- The Washington Times - Wednesday, June 26, 2002

LONDON More than 100 countries around the world may have inadequate programs to prevent or even detect the theft of radioactive materials a terrorist would need to build a "dirty bomb," a U.N. agency said yesterday.

Governments, including the United States, must take urgent steps to raise security to prevent theft and recover supplies that are missing, the International Atomic Energy Agency said.

"What is needed is cradle-to-grave control of powerful radioactive sources to protect them against terrorism or theft," said Mohamed El Baradei, the head of the IAEA.

Since the September 11 terror attacks, the organization has stepped up efforts to prevent terrorists from obtaining weapons-grade nuclear materials or radioactive sources for a "dirty bomb."

Fears of radiological terrorism grew when a purported plot to detonate such a weapon in Washington failed with the May 8 arrest of Abdullah al Muhajir, described by U.S. officials as a protege of Abu Zubaydah, a senior leader in the al Qaeda terror organization. Muhajir, a U.S. citizen, was formerly known as Jose Padilla.

Priority must be given to help states create and strengthen national regulatory infrastructures to ensure that radioactive sources are properly registered and secured, the IAEA said.

The IAEA did not list the more than 100 countries that may have inadequate security programs. But it did identify one widely known problem area former Soviet states that have become a traffickers' marketplace for radioactive materials.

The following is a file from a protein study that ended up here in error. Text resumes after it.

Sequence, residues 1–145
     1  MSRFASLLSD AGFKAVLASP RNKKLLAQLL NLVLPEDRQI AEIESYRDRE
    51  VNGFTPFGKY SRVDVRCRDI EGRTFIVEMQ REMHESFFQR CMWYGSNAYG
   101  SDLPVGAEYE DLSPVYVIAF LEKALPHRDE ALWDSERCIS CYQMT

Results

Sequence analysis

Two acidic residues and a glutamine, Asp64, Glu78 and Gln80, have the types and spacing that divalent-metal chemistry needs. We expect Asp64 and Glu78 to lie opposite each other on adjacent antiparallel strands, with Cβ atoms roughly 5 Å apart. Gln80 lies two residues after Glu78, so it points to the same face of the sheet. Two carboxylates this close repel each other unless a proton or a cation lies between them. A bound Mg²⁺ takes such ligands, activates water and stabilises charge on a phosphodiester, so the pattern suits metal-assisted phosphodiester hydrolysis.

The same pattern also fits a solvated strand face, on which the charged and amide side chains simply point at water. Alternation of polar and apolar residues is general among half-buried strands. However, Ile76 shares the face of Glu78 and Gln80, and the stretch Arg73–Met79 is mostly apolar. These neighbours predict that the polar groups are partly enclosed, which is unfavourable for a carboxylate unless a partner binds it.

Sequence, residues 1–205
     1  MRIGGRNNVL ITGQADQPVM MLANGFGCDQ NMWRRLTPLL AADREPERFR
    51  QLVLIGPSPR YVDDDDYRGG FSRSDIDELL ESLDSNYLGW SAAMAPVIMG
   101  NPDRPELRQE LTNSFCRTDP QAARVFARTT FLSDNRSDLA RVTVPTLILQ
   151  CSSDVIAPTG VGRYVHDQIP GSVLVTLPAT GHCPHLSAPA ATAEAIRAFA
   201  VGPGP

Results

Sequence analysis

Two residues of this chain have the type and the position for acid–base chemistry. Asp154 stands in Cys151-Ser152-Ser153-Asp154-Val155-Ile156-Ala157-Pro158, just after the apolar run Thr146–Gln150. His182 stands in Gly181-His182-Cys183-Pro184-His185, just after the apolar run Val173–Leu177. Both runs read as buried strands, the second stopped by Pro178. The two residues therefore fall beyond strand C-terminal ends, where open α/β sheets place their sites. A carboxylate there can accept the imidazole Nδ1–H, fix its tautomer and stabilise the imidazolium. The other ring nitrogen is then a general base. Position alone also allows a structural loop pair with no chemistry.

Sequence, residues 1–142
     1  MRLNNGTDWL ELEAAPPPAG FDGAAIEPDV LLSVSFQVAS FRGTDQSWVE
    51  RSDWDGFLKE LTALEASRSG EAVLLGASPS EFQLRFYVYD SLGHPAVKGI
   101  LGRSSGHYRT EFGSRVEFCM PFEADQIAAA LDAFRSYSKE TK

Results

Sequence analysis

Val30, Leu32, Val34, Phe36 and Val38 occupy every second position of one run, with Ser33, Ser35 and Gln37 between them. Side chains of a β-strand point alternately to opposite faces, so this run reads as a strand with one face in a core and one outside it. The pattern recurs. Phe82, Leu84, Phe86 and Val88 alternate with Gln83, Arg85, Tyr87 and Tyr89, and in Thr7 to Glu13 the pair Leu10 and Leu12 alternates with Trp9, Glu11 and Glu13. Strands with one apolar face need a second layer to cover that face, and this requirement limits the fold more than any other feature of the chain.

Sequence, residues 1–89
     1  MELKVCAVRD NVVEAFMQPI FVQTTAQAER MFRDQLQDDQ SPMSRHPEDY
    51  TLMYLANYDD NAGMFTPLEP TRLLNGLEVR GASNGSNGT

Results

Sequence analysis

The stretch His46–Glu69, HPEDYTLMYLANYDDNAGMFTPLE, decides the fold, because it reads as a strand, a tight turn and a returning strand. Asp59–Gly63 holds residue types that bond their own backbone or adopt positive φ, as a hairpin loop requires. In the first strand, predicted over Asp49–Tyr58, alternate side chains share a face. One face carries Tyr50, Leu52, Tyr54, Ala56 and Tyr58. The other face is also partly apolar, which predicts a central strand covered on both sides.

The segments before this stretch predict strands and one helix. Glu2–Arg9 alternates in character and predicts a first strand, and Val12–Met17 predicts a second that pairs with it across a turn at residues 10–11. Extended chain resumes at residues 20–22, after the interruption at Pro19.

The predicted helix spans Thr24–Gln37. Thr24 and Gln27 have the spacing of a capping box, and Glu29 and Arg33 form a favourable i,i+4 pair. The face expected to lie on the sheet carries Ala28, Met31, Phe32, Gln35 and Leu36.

The U.N. agency said "uncontrolled radioactive sources are a widespread phenomenon" in states such as Kazakhstan, Turkmenistan, Uzbekistan, Tajikistan and Kyrgyzstan.

Even the U.S. Nuclear Regulatory Commission has reported that American companies have lost track of radioactive materials within the country since 1996, much of which was never recovered, the IAEA said.

A European Union study estimated that every year up to 70 sources are lost from regulatory control in the bloc, and that a recent European Commission report estimated that 30,000 unused sources held in storage in the European Union are at risk of being lost from regulatory control, the IAEA said.

A "dirty bomb" is not a weapon of mass destruction like a nuclear bomb, but uses conventional explosives to disperse radioactive materials.

Nuclear experts say such an attack would kill no more people than a conventional bomb, but the dispersal of radioactive materials could lead to the exposure of some victims and cause widespread panic.

In its report, the IAEA identified radioactive sources used in industrial radiography, radiotherapy, industrial irradiators and thermoelectric generators as those that are the most significant from a safety and security point of view because they contain large amounts of radioactive materials.

As part of its worldwide efforts to improve security, the agency, Russia and the United States agreed on June 12 to develop a strategy to recover, secure and recycle radioactive sources that are outside official regulatory control in former Soviet states.

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